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The Spirit of Loveliness: Stillness

by Kim @ CoziNest on August 21, 2013

The Spirit of Stillness

I just got into Birmingham after a long drive north.  The only sound I hear is the tapping of this keyboard, my grand-kitty playing with a toy in the floor and the air conditioning.  Thank the Lord for air conditioning, kittens and laptops.  But for the purposes of this post, I thank Him most for silence.

As I am re-reading this chapter from Emilie Barnes’, The Spirit of Loveliness,

Used by permission of Harvest House publishers.

Used by permission of Harvest House publishers.

I am overwhelmed with a sense of gratitude for this book.  I remember, when my children were little, how very sacred my “quiet times” were.   Now, no matter what is going on, I am in control of my schedule. Famous last words.  I know, having written that down, all chaos and misery will descend on me like a plaque of locusts. However, if you read my post, The Spirit of Loveliness: Femininity, you’ll remember that I mentioned my Sunday naps.  Solitude is for me.  Quiet times are a different type of rest. They are a time of learning, meditating, prayer and worship.  It is time for me and my Father.  And my rest is in Him.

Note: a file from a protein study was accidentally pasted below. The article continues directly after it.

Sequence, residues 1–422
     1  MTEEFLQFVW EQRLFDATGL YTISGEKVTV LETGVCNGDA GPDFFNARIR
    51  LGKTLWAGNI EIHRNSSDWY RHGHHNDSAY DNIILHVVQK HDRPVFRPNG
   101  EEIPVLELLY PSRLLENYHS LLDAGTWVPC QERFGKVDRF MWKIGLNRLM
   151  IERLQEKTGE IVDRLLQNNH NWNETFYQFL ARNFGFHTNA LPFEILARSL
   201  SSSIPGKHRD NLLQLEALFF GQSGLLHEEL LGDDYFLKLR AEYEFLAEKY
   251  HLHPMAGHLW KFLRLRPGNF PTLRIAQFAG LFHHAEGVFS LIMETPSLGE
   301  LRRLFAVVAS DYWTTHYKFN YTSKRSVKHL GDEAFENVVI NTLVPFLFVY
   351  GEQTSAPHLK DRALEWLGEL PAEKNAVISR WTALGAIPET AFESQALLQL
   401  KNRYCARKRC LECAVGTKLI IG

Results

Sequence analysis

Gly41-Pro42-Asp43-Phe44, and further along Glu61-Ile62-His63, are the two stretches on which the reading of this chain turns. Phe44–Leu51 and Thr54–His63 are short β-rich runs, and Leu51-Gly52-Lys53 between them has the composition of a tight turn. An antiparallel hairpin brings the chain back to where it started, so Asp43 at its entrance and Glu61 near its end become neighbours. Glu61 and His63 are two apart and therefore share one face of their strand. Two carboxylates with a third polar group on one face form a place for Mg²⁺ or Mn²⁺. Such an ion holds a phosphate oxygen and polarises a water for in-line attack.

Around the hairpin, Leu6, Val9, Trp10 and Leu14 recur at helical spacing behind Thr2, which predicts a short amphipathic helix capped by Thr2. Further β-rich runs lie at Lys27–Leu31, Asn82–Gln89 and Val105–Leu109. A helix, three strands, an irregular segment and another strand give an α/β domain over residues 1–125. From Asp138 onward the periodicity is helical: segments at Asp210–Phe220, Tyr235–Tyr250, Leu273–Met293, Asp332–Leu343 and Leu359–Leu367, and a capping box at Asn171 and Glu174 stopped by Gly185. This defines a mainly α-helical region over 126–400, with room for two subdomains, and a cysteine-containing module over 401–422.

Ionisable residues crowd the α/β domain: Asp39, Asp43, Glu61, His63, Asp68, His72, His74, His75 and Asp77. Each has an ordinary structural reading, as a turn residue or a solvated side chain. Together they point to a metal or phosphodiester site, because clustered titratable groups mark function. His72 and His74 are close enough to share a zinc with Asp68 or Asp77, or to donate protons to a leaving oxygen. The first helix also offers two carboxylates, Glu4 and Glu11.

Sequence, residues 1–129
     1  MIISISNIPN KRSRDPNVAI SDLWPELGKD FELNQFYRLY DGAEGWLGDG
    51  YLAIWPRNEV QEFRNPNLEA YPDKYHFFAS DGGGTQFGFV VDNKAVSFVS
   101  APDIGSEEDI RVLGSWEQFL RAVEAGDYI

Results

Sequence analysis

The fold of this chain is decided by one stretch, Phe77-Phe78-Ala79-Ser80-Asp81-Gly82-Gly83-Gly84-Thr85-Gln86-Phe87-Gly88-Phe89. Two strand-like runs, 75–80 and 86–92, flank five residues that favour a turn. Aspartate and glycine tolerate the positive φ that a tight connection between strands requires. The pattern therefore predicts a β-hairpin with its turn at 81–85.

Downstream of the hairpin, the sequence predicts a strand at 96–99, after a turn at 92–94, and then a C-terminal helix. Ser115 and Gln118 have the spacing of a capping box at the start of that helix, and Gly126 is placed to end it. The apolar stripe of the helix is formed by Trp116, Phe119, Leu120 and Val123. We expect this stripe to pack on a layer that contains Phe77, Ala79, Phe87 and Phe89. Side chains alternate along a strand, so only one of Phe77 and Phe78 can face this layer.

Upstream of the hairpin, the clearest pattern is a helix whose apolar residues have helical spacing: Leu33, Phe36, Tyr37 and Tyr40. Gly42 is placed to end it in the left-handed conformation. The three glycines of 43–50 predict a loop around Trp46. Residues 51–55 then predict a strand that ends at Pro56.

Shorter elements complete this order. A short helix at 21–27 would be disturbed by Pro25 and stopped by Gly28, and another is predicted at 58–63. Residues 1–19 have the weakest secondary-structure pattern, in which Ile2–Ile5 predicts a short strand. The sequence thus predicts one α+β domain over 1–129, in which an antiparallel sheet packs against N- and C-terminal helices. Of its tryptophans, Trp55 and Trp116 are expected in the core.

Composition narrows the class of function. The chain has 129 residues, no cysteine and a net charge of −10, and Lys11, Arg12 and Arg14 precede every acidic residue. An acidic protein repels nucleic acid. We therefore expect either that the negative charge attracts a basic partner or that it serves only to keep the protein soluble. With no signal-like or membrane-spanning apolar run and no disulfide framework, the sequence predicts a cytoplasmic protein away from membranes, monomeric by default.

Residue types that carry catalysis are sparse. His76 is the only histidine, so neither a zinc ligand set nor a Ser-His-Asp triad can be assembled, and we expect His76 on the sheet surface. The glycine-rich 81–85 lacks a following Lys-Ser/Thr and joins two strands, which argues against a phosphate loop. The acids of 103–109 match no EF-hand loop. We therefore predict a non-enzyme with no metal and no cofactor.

Now, I have no idea if you are a believer.  I pray you are. If not, perhaps this little post from an Alabama girl will ignite in you a desire for a quiet time.  They can literally be the salvation of your soul.  Now, perhaps you don’t think your soul needs saving, or you may believe but don’t have time for a quiet time, nor think they are necessary.  I will quote Emilie to make you feel better…

“keep reminding yourself that stillness is neither an impossible luxury nor an unreasonable demand.  You need your quiet time in order to have the inner resources to take care of the business of your life.  As Isaiah 30:15 puts it, ‘In repentance and rest is your salvation, in quietness and trust is your strength.'”

Be still and know that I am God.

Be still and know that I am God.